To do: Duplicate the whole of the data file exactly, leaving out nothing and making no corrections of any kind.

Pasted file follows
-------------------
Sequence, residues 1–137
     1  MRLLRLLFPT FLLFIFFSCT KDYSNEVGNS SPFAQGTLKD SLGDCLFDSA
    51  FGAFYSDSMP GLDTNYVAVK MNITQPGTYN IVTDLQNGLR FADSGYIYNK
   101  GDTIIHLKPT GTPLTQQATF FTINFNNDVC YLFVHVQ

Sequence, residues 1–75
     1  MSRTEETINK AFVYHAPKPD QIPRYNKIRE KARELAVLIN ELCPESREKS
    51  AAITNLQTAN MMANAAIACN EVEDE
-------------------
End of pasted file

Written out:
Sequence, residues 1–137
     1  MRLLRLLFPT FLLFIFFSCT KDYSNEVGNS SPFAQGTLKD SLGDCLFDSA
    51  FGAFYSDSMP GLDTNYVAVK MNITQPGTYN IVTDLQNGLR FADSGYIYNK
   101  GDTIIHLKPT GTPLTQQATF FTINFNNDVC YLFVHVQ

Sequence, residues 1–75
     1  MSRTEETINK AFVYHAPKPD QIPRYNKIRE KARELAVLIN ELCPESREKS
    51  AAITNLQTAN MMANAAIACN EVEDE